One of the complicating issues concerning the reading of any film text is a consideration of the times in which it was produced, and the industrial situation of the film business. As a consequence of the outer culture, concerned with youth issues and the Vietnam War, feminism and problems in the Nixon administration (which would later blow up into the infamous Watergate scandal), it is appropriate to give equal consideration to the impact these had on the decisions taken at Columbia Pictures regarding THE LAST DETAIL. While it was obvious that the potential audience could not be actually offended by the material, the excessive use of the word ‘Fuck’ was an issue for studio brass. The overwhelming changes that dominated studio decisions had been imminent since about 1965. As Schatz points out, “the rules of filmmaking and the marketplace changed so drastically” between then and 1975.
Adaptation had already been proven to be a Towne speciality. DETAIL would require some specialised treatment. After doctoring and appearing in DRIVE, HE SAID, for debutant director Nicholson, Towne was hired for the project by producer Gerald Ayres, who recalled, ‘He had this ability, in every page he wrote and rewrote, to leave a sense of moisture on the page, as if he just breathed on it in some way. There was always something that jostled your sensibilities, that made the reading of the page not just a perception of plot, but the feeling that something accidental and true to the life of a human being had happened there.’
Towne took to the job with gusto when Ayres persuaded top brass at Columbia Pictures to take him on, on the basis of his Special Consultant credit for BONNIE AND CLYDE. The project was a favourite of Nicholson’s, whose star was rapidly on the rise:
Part of the incentive of the project was that Jack’s part would be equal and set against that of the other Navy lifer, a black sailor. It would be an actor’s showdown between Nicholson and Rupert Crosse, his and Towne’s mutual friend.
Darryl Ponicsan’s novel was first published in the United States in 1970. It tells the story of petty officer Billy ‘Bad Ass’ Budduksy who receives orders to escort a petty thief to the brig (prison) and decides to show him a good time before he is behind bars at the Portsmouth, New Hampshire, Naval Prison. The ‘thief’ isn’t much of a criminal at all: he tried to make away with forty dollars from the favourite charity of the General’s wife and didn’t succeed. Buddusky reckons they can deliver the boy very quickly and parlay the trip into a holiday but his conscience gets the better of him and he turns the trip into a sentimental education for Meadows. When it appears that Buddusky might suffer from the association with Meadows, he cuts his ties with the young sailor and abandons him to his fate. However, Buddusky and his fellow gaoler, a black sailor called Mulhall (or ‘Mule’) fail to report Meadows’ inevitable escape attempt and after delivering him they go AWOL before their planned return to base but Buddusky is killed in the ensuing fracas. The trip turns out to have been his last detail for the American Navy.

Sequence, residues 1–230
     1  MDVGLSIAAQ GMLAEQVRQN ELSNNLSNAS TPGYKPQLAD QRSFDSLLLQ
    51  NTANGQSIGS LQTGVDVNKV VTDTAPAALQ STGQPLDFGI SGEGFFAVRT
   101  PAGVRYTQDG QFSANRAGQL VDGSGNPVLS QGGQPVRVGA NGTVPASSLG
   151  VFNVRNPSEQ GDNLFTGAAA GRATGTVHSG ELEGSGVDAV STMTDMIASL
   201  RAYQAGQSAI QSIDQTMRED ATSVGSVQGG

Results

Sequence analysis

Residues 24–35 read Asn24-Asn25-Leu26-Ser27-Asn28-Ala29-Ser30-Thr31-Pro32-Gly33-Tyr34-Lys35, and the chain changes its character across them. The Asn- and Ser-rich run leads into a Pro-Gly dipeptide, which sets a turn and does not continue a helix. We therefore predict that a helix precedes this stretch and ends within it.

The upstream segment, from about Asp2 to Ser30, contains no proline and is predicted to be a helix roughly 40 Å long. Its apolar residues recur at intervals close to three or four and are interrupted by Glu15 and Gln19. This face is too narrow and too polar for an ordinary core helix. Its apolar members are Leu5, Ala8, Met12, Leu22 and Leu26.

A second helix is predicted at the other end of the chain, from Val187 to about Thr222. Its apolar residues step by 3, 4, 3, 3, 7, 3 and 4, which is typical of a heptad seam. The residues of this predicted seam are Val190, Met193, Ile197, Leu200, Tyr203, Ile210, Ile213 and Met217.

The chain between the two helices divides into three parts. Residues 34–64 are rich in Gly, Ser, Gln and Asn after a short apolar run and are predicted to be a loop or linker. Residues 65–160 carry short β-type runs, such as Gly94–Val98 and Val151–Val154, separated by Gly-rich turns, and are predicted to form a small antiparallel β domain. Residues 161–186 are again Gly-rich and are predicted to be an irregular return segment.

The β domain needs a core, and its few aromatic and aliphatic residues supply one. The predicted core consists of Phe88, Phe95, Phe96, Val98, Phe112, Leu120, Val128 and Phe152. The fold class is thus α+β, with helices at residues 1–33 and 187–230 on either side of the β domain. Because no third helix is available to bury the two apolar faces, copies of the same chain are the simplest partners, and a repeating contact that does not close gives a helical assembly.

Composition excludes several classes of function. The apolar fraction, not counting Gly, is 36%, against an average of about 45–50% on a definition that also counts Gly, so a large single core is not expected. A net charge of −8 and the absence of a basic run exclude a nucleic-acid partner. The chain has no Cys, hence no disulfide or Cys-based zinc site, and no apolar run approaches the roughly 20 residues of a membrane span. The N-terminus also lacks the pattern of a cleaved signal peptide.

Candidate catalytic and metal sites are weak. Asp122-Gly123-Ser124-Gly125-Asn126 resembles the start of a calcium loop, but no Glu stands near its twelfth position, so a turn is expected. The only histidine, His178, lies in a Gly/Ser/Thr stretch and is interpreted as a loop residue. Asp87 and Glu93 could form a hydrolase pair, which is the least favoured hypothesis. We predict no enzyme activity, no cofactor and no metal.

The novel consists of nine chapters and an epilogue; the Signet paperback movie tie-in edition published by the New England Library runs to one hundred and forty-two pages.
Inevitably, while we were making the film, we considered changing the ending so that Nicholson would let the kid escape. But I thought that would really be letting the audience off the hook. The audience must be left with the problem, because ninety nine out of a hundred people in the audience—maybe a hundred out of a hundred—would have done what Nicholson did in the movie and taken the kid to prison, rather than risk their own skin. So I thought it would be completely dishonest of us to send the audience out of the theatre with a warm glow thinking: ‘Gee the world is full of nice people.’
The overall shape of the screenplay for DETAIL is that of the novel, albeit in necessarily shortened form. The original screenplay is 135 pages long (the revised draft runs to 131 pages) and the finished film runs approximately 110 minutes. Many of the scenes (up to 45 pages of them, in fact) were shortened or dropped altogether from the released version of the film. All of the revisions to the first draft are dated 15 August. Towne is mainly faithful to the principal thrust of the book, namely the relationship between Buddusky and Meadows. He says: “Nicholson is flattered by the fact that this young, rather sick kid looks up to him as a surrogate father figure. So Nicholson takes him places and shows him things. But when it looks as though all of this might really cost Nicholson something, he just turns around and says ‘It’s my job.’ Even though he is aware his attitude is fundamentally corrupt and cowardly.”